Electric Guitar Buying Guide - Best Buy Canada

August 28, 2012

What to Consider When Buying an Electric Guitar

When you’re looking for the best guitar and gear out there, starting with great names like Fender, Marshall and Gibson is a sure way to stumble upon great items. However, you’ll want to know about a few basic things to help narrow down your choices.

Whether you’re a beginner and want to learn to play guitar or you’re an old pro, having the right setup is important. From Fender and Yamaha guitars to Marshall amps and Gibson accessories, there’s a wide range of great stuff to choose from. Have a look at our handy list and get to know some of the basics before you buy an electric guitar.

Body Style

Before choosing the guitar you want, you should hold one and discover which body type feels the most comfortable for your playing style. Different body types include:

Solid-body electric guitars are the most common. They are great because they have no acoustic restrictions, and are available in the most varied styles.

Semi-hollow (or semi-solid) guitars offer a rounder, darker sound. To minimize feedback they feature solid wood centres with large chambers on both sides and sound holes.

Hollow-body guitars are large enough to be played without an amp, but can often produce feedback with too much amplification. They are usually chosen by most jazz guitarists.


Most electric guitars come equipped with 22 frets which are the metal strips along the fretboard. To play a higher octave, you'll want to choose one with 24 frets. Smooth frets let you do more with your guitar, and can help make playing easier and more enjoyable.


If you already own an amp, you'll want to be sure to use a similar one when testing out electric guitars. The sound will be different with every amp you test it with, which is why if you already have one you'll want to choose a guitar that sounds best with the one you've got.


No matter what kind of guitar you choose, the type of wood used in its build will influence the tone. Hard woods like alder, ash, mahogany, maple, rosewood and basswood are most common, and are often used in combination with one another to create unique tones.


For electric guitars, bolt-on necks are the most common, and are more easily repaired than set or glued necks. Set necks, on the other hand, are more expensive to buy and repair, but they're known for their solid attachment which offers incredible stability. The neck itself houses a truss rod, which is a metal bar used for reinforcement.

Necks come in various shapes, such as C-shaped, thin, wide-thin, etc., and it's important you choose one that's a comfortable fit for your hand.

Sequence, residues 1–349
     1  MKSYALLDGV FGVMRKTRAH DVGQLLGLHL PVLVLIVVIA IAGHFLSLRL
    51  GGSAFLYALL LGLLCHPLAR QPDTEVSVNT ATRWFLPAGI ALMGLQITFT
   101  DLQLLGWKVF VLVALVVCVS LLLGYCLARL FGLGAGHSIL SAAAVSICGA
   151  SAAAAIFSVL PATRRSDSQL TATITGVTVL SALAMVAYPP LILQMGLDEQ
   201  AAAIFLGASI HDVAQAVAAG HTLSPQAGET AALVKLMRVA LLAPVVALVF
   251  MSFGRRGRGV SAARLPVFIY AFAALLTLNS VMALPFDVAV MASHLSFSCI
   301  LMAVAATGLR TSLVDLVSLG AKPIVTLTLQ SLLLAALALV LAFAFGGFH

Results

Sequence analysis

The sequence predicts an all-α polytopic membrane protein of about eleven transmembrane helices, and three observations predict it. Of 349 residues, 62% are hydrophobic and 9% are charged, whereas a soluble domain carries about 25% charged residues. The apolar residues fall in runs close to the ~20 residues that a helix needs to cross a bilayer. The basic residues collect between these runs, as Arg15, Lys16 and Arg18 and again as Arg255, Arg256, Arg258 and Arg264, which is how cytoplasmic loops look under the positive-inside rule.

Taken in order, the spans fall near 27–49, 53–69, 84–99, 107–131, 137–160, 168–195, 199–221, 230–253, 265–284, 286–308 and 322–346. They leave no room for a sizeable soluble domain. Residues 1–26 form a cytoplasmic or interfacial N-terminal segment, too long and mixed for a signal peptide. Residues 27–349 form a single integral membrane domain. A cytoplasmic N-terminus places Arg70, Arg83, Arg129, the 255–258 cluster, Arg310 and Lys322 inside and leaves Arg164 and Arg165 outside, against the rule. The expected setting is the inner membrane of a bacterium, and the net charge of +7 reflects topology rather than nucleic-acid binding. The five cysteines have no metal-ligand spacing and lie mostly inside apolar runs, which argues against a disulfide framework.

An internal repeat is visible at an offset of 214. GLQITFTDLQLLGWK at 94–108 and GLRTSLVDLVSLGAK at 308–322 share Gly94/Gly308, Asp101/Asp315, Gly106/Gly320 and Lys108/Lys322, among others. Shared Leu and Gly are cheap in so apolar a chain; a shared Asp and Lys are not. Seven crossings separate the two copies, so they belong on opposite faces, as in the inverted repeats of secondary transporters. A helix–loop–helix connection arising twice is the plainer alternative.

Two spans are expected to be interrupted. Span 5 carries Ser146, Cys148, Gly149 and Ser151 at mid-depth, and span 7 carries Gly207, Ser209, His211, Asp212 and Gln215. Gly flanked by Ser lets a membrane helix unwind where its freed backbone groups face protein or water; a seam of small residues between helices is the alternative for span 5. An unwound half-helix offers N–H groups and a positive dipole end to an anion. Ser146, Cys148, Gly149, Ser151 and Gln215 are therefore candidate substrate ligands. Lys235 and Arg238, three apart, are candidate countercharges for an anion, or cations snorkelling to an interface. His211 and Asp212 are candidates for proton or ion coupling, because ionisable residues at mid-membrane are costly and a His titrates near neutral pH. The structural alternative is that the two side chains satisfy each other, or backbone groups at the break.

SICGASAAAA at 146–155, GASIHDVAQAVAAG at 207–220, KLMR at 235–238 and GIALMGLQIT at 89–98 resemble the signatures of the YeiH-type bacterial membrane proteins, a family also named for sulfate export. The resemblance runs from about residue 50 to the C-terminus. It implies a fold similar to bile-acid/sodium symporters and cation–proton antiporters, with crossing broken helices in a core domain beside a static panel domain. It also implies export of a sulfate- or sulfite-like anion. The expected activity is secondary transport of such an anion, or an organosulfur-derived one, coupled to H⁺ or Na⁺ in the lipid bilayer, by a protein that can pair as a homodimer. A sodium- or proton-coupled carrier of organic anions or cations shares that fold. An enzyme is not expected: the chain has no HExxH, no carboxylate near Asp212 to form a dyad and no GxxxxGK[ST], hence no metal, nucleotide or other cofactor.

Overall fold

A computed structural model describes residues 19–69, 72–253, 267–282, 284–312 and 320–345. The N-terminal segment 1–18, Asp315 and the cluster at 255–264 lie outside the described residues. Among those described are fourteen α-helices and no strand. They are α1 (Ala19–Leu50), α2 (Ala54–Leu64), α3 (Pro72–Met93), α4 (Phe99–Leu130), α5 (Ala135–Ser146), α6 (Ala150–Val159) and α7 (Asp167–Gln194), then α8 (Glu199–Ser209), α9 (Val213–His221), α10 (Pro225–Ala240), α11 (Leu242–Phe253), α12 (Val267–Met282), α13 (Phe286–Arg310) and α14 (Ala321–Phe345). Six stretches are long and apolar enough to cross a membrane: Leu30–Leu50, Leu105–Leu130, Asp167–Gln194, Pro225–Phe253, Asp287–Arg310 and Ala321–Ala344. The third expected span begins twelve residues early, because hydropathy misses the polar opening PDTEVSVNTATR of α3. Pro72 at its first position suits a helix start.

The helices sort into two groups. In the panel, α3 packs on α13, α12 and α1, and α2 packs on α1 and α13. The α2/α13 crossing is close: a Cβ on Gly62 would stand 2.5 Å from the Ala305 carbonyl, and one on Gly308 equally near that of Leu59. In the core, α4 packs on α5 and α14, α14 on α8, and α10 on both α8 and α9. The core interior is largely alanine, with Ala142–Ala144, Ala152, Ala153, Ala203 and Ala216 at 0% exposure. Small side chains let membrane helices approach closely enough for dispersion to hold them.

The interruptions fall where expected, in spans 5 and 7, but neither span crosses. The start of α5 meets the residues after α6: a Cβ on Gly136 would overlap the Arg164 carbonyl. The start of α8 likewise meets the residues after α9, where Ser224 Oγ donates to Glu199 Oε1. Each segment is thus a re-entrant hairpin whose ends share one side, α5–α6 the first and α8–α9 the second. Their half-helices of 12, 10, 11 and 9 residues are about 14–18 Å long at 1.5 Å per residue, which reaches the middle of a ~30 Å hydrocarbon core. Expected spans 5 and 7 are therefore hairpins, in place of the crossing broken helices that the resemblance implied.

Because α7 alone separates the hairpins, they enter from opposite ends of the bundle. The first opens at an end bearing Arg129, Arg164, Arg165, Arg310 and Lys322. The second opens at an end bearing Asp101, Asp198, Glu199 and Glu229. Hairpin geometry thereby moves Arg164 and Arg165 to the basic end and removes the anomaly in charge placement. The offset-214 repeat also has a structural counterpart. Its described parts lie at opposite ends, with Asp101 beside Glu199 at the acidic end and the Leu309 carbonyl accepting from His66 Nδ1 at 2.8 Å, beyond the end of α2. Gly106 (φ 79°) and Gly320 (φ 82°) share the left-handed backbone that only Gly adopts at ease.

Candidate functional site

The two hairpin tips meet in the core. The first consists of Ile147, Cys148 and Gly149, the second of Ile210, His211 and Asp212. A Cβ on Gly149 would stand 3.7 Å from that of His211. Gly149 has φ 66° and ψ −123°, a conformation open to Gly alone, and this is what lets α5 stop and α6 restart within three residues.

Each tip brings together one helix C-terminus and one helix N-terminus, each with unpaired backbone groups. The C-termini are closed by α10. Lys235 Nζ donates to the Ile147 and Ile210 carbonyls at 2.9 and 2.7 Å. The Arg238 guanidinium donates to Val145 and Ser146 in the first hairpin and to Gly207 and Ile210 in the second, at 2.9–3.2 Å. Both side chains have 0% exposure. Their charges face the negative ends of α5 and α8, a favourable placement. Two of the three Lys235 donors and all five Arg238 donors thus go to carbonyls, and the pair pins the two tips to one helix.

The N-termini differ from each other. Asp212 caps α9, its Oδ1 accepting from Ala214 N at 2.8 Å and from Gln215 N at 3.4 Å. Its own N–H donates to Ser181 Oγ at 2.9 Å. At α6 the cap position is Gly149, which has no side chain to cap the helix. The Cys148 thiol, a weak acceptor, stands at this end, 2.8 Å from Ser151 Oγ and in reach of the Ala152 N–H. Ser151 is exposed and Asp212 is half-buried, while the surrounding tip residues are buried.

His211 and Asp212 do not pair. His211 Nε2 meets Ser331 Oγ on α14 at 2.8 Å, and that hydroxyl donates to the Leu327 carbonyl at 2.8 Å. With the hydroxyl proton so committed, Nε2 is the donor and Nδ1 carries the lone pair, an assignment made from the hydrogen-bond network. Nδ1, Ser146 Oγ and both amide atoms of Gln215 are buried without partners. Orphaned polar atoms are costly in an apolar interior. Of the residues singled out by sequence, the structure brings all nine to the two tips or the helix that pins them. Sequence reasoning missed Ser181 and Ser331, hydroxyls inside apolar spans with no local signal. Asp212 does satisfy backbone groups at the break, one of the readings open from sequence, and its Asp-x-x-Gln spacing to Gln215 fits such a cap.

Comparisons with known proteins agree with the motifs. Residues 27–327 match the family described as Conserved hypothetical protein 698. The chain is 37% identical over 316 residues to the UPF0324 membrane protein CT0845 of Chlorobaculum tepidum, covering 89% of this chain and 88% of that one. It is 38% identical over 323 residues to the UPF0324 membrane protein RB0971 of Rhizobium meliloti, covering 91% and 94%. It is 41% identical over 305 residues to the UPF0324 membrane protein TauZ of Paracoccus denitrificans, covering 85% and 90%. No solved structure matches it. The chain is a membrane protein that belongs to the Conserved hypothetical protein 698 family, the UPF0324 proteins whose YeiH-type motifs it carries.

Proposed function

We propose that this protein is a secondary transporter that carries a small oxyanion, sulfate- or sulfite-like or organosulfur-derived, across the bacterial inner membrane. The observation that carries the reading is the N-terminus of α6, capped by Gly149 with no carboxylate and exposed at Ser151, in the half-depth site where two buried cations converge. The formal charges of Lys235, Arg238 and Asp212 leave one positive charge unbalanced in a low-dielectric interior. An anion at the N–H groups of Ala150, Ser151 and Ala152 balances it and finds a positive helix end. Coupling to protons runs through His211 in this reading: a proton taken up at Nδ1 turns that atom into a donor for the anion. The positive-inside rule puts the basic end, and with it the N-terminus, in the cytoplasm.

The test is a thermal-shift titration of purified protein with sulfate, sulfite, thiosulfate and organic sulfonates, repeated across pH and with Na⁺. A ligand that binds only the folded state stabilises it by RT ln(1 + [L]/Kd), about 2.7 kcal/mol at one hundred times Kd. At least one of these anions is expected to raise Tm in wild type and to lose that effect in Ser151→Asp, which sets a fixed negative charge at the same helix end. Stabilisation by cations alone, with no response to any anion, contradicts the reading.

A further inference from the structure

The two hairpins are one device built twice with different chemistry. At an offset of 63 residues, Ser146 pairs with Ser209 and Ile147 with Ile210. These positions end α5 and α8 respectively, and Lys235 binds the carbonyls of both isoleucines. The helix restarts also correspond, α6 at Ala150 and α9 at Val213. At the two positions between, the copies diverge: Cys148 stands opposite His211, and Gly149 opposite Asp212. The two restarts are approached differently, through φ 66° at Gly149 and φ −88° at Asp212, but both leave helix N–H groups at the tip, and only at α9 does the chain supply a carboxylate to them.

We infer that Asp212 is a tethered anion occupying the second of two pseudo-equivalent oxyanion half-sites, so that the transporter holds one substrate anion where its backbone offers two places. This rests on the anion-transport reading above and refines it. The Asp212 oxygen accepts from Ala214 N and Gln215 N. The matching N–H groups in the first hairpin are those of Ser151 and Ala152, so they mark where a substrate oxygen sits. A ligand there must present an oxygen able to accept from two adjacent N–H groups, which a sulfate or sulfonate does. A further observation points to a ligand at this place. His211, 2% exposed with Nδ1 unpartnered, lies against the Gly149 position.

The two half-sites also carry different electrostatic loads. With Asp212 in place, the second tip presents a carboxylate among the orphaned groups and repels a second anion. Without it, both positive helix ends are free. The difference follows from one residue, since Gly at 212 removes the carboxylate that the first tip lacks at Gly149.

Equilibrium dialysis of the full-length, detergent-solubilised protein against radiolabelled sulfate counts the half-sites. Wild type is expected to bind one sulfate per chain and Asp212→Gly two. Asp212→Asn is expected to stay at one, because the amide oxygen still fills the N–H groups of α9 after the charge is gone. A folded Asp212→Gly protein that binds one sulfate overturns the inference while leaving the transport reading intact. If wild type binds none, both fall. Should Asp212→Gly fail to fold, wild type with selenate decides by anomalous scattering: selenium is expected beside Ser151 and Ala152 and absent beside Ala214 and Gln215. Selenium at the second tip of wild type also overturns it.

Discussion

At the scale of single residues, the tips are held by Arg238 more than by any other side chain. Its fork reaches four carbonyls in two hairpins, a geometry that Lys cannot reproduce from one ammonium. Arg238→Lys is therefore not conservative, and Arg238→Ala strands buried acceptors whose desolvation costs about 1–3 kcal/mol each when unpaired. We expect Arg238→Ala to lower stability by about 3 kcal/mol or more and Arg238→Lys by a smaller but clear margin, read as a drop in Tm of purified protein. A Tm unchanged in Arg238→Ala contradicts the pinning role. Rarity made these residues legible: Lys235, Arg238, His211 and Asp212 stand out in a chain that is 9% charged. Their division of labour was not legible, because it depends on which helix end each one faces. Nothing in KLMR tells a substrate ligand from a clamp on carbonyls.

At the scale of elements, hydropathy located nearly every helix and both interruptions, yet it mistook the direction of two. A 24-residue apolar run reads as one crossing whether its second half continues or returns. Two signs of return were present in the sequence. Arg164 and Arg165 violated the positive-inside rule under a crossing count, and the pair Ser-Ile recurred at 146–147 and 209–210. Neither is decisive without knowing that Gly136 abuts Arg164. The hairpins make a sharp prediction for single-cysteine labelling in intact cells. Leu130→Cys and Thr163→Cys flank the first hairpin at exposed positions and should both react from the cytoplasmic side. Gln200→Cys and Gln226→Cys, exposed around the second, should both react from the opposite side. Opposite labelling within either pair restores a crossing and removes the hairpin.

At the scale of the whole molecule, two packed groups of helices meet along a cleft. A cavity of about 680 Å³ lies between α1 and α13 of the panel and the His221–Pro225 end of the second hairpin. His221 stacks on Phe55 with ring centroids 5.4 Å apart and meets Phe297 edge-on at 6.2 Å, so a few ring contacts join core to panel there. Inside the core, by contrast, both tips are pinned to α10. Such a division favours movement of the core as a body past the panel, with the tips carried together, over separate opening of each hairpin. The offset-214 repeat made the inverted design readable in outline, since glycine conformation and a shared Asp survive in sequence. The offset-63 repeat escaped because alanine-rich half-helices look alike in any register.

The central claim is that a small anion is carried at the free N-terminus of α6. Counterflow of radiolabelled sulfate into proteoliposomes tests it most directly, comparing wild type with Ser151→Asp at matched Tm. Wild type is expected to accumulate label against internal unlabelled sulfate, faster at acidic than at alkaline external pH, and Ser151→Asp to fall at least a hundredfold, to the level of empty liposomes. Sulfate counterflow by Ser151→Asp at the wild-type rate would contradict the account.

Scale Length

Most guitars have one of two scale lengths. The 25-1/2" length provides a high tension and more trebly sound, while a 24-3/4" length makes the lower string tension slightly easier to play and provides a less trebly sound.


There are the two main types of bridges for electric guitars.

A tremolo bridge, also called a whammy bar, lets you bend all the strings at once making it perfect for “metal” musical styles. However, it can also throw strings out of tune.

Fixed onto the body of the guitar, a stoptail bridge offers greater stability. Lots of players prefer this, as it provides more sustain than its counterpart.


This is the distance between the string and the frets. The shorter this distance, the more likely frets will “buzz” when a string is plucked. However, the longer this distance, the more difficult it might be to hold the string to the fret and produce a clean note. Be certain to test a few guitars to ensure the strings are easy enough to push down without being too low.


Get to know some of the different guitar makers you're interested in. Check out review sites and explore the pros and cons; knowing the details of their different models will help you make a more informed choice, especially if you're buying online.

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Take the Next Step

Most experts recommend that you buy the highest-quality instrument you can afford, but remember that quality can be found at different price points. Check out a wide selection of guitars, amps, pedals, and other gear at Best Buy from Fender, Gibson, Marshall, Yamaha, and more. Whatever you choose, you want to be sure that the gear you choose suits you best.

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